By early spring 1763 Thomas Nevell’s journeymen and apprentices were spending the working week on site at Mount Pleasant. Nevell was receiving cash installments for the work from John Macpherson roughly every two weeks in amounts that ranged between £5 and £40. Nevell credited his carpenters their time working with weekly entries in his daybook. His most capable workmen were earning £1.10 for a six day work week or 5 shillings a day. George Plim, who had been associated with Nevell the longest based the the low number “30” next to his name which indicates the page number of Plim’s records in Nevell’s book of accounts, received a slightly higher rate, 6 shillings a day.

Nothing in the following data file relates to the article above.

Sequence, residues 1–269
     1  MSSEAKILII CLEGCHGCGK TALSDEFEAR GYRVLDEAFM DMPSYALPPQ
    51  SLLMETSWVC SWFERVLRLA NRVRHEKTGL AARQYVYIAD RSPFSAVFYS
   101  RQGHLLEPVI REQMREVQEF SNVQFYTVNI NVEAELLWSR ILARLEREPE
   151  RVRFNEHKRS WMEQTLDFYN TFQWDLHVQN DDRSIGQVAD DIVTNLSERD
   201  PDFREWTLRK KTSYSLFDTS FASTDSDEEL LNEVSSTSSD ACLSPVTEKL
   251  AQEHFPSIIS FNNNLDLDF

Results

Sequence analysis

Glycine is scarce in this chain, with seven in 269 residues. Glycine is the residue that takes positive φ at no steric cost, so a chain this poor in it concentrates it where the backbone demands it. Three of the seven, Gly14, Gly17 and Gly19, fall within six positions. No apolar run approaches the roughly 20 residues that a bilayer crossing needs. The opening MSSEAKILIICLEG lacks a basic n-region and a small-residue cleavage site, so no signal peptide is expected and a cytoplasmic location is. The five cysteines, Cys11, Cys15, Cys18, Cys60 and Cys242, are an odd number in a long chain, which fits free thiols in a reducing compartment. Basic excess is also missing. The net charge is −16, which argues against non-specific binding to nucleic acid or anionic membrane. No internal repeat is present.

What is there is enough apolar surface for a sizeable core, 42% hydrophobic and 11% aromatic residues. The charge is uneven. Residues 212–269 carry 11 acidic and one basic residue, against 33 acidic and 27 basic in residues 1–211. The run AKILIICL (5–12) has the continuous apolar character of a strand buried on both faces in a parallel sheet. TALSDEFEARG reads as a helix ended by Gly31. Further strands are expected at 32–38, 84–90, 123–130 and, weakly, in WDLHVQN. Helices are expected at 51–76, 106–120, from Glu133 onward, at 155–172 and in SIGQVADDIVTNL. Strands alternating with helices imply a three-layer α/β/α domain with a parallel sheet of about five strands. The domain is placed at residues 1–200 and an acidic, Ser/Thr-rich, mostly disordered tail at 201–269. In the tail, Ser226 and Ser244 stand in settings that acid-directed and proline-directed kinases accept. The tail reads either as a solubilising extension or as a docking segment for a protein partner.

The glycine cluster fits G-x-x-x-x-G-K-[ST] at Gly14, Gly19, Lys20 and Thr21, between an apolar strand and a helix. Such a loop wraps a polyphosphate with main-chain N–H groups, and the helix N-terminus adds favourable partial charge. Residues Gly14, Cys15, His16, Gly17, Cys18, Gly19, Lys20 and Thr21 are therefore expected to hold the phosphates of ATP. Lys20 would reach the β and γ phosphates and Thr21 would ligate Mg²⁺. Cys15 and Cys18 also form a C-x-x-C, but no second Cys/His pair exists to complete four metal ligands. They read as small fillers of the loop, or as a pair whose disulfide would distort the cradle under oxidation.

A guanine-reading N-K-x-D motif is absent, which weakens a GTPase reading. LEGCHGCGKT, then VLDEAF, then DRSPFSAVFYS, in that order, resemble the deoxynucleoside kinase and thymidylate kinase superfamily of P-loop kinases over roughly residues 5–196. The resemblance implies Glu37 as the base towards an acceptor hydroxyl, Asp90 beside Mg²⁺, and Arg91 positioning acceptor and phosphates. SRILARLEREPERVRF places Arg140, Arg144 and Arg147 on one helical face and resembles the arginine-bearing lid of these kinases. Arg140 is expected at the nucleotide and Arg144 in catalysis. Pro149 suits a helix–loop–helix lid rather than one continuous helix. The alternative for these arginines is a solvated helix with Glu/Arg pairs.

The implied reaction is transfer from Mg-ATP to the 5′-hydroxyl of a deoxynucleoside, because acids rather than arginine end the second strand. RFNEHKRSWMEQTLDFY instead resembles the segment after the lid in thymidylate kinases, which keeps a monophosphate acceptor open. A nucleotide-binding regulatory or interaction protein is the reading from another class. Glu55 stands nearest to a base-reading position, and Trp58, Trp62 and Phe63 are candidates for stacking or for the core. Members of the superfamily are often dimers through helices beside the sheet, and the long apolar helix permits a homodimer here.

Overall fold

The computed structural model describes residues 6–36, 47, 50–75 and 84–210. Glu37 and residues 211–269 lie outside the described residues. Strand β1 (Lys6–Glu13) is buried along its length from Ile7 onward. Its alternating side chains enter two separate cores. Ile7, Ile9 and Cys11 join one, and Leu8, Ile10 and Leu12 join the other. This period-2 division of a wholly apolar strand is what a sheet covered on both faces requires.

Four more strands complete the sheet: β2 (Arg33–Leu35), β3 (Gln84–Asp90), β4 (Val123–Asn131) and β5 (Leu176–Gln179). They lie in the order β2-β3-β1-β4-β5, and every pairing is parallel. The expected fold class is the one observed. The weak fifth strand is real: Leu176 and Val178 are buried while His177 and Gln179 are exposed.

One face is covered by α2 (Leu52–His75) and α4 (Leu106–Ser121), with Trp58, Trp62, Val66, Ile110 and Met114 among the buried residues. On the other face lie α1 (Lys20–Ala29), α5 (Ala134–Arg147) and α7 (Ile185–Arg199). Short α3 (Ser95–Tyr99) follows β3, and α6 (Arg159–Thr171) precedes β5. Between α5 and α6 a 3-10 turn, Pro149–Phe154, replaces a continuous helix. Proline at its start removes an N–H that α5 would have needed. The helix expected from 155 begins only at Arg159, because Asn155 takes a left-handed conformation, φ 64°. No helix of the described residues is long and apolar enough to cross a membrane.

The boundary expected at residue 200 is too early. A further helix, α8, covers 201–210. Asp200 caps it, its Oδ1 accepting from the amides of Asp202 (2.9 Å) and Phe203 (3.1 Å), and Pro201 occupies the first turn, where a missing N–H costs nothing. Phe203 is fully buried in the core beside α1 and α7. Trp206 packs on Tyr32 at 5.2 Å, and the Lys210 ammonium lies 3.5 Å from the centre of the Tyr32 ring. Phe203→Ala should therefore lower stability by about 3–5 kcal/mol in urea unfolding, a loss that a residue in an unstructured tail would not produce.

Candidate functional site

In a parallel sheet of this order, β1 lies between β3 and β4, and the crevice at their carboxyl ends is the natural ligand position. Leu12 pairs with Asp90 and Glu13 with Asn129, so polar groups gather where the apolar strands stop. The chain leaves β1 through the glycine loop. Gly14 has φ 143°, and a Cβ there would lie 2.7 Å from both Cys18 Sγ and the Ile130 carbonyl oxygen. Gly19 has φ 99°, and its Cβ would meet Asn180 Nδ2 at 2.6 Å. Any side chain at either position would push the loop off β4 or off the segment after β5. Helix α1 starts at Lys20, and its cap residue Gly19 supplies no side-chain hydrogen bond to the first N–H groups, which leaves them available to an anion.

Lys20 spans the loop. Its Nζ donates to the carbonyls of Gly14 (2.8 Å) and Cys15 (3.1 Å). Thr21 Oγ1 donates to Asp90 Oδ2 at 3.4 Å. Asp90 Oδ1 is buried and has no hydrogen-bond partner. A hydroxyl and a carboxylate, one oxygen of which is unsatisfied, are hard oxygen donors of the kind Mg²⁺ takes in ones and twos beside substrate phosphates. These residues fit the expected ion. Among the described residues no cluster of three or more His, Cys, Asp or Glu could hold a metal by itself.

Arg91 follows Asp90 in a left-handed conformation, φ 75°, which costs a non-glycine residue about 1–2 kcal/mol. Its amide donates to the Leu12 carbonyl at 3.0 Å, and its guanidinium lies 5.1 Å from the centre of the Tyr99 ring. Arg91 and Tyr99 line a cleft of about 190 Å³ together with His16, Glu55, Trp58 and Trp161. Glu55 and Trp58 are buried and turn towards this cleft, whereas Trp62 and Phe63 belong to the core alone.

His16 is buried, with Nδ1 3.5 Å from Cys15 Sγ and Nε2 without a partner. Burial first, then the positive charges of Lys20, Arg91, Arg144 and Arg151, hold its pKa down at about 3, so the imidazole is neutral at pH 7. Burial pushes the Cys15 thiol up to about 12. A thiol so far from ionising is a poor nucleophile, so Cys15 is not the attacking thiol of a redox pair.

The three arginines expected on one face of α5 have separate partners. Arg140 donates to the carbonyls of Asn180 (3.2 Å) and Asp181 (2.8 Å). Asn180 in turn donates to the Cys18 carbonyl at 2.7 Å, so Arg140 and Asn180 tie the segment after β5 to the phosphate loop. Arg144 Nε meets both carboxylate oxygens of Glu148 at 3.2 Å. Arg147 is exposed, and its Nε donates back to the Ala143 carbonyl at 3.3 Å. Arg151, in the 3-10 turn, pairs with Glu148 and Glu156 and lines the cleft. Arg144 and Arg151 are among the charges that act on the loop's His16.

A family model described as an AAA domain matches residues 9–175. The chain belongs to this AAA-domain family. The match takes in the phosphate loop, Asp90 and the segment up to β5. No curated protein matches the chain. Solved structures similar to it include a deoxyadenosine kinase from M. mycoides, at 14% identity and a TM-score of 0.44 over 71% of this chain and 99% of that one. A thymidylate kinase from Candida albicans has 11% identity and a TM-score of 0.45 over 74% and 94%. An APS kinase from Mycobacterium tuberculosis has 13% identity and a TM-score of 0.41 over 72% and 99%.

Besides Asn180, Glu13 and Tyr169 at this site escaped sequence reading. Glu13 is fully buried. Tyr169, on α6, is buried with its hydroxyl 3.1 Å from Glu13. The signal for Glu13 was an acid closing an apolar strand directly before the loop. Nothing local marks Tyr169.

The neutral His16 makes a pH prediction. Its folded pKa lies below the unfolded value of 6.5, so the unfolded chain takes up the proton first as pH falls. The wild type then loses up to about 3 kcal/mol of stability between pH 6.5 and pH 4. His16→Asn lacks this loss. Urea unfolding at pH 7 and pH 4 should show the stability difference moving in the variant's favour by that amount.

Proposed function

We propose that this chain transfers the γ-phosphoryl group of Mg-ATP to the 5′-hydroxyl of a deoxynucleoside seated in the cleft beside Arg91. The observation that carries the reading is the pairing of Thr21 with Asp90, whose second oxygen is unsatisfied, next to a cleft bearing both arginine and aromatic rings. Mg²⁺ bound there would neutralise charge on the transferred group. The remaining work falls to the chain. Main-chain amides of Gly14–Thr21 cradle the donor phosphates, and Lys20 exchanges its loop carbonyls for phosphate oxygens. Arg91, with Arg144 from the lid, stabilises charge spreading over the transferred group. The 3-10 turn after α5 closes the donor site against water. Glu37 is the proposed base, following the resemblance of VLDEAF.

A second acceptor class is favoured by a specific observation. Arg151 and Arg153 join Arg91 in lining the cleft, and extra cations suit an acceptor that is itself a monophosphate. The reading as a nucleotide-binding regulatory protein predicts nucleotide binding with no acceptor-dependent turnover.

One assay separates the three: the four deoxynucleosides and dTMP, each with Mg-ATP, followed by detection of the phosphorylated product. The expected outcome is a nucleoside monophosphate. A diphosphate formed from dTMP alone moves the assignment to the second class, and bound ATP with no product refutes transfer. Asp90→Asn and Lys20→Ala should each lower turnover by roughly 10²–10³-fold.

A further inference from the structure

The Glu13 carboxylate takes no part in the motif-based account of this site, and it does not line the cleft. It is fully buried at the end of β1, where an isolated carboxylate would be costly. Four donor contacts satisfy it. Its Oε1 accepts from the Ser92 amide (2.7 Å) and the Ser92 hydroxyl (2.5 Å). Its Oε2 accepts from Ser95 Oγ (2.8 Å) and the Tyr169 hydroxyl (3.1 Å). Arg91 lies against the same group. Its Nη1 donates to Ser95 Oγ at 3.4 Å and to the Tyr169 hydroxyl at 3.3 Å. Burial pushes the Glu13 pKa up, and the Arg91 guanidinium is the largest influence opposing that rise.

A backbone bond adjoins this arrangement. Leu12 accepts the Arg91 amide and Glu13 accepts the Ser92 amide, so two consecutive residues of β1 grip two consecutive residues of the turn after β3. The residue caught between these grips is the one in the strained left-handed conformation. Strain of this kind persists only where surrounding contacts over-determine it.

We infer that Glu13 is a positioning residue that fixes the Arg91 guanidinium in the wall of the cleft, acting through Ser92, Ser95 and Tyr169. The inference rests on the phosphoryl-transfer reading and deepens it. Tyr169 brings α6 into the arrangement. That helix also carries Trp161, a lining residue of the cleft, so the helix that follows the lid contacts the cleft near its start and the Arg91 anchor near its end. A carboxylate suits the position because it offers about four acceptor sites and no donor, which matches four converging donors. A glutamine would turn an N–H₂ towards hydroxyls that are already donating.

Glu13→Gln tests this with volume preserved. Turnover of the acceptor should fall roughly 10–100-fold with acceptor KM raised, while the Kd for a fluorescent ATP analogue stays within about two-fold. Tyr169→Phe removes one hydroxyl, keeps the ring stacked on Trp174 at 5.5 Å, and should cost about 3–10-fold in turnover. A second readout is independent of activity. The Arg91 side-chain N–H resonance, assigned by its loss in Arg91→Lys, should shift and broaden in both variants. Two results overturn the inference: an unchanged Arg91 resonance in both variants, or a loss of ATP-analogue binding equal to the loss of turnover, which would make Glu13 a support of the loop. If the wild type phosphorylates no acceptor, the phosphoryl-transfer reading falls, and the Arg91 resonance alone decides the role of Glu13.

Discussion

When John Macpherson engaged Thomas Nevell to construct Mount Pleasant he entrusted him with the role of general contractor. Nevell in turn relied on his vast knowledge of the building trade in Philadelphia and his ability to oversee a team of variously skilled carpenter’s and apprentices, many of whose names appear nowhere in the historical record except for Nevell’s daybook. The record of their labor on site and at Nevell’s work yard and shop during the more than two years of construction grants us a better understanding of the community of skilled workers needed to create what survives at Mount Pleasant.